Have you ever fallen prey to the Easy Answer? I sure have.


Easy Answer

New Business Production
New business is off. “Buy more leads.”
New business is WAY off. “Cut rates.”
New business is STILL way off. “Pay producers an extra $10 for every new application.”
Renewal Retention
Retention is down. “Write more new business.”
Retention is WAY down. “Contact customers before renewal.”
Retention is STILL way down. “Raise commission to producers.”
Profit Margin
Margin is shrinking. “Make up for it with greater volume; write more new business.”
Margin is shrinking FASTER. “Cut expenses.”
Margin is STILL shrinking. “Reduce Commission to producers.”
Claim Results
Loss Ratio is climbing. “Tighten the guidelines.”
Loss Ratio is climbing FASTER. “Raise rates.”
Loss Ratio is STILL climbing. “Terminate the agents with bad results.”
Backlog is growing. “Authorize overtime.”
Backlog is growing FASTER. “Mandatory overtime.”
Backlog is STILL growing. “Hire some know-nothing temps.”

If any of these situations sound familiar, and you have lived to tell the tale, you probably realize the Easy Answer rarely leads to a full and final resolution. Truth is, the real world is complex and the simple solutions are too easily undone. Competitors, vendors, customers, employees all respond to your actions in their own way to protect their own interests.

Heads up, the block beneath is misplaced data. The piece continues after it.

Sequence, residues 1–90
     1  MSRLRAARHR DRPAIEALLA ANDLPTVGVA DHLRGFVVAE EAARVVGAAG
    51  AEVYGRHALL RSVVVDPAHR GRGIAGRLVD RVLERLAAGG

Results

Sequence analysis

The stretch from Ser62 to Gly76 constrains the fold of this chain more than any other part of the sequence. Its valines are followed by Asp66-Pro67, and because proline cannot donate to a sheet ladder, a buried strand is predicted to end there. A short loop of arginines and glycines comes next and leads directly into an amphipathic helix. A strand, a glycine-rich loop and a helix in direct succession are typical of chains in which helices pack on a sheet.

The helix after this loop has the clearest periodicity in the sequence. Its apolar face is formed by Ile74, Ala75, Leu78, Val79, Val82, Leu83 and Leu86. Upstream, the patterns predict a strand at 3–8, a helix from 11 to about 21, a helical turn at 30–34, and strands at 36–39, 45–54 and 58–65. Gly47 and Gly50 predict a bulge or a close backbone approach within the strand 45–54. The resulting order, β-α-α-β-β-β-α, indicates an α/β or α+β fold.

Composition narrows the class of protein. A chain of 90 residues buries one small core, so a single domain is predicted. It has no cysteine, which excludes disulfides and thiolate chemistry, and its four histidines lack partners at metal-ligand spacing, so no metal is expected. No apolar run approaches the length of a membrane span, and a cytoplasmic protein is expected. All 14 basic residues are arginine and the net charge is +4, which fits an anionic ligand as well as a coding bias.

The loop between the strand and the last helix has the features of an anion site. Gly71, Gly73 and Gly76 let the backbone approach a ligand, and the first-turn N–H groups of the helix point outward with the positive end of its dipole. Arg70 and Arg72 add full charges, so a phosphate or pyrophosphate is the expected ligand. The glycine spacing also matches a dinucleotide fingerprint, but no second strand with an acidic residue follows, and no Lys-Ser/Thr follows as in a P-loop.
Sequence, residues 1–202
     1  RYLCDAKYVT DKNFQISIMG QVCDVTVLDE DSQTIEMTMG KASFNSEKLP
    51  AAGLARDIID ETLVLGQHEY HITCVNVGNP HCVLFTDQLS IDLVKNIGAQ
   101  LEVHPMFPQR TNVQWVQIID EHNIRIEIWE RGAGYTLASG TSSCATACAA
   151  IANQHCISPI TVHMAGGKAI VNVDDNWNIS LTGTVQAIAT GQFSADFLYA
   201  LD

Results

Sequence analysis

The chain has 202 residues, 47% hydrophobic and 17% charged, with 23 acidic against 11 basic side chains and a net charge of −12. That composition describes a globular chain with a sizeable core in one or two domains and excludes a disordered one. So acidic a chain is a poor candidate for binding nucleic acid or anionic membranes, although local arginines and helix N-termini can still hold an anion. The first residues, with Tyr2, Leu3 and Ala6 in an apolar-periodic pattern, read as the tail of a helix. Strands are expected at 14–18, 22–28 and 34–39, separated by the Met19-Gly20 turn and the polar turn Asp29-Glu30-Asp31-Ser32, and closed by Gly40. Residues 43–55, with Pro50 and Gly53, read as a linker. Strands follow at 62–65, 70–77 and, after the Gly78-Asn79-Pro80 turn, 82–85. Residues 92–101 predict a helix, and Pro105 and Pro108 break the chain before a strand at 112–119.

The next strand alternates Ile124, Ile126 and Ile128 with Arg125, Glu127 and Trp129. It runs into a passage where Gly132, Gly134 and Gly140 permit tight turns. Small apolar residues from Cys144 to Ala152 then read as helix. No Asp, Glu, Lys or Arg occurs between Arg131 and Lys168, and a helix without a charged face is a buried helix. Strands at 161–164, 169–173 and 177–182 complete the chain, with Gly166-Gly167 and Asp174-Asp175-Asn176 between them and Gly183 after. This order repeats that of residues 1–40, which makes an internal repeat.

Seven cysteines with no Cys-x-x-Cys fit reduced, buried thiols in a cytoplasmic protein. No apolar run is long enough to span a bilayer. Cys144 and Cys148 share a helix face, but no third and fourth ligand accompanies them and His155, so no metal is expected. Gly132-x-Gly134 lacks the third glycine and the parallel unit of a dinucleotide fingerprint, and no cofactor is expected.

There is one response that will always lead you to a better outcome. Whenever the proposed action is the Easy Answer, ask this one question—as many times as necessary—until the proposal makes sense, “And then what?” Think through the marketplace responses that will work to undo the good you intend by taking the easy steps. What will you do then? And after that? And again, after that?

If you don’t get to a satisfactory resolution after you work through all the foreseeable responses, start over with a new initial proposed action (not the Easy Answer). Put your thinking cap on. You can do this.

Best of luck!


Dave Lacefield shares lessons learned in 40+ years working in the business world. His struggles and successes as a stockbroker, insurance agent, actuary, president of a Texas MGA, and CEO of a publicly-traded insurance company have informed him on a wide range of issues and circumstances confronting business leaders, and leaders-to-be. Dave’s views are his own and do not represent the positions of his employer or any affiliated entities.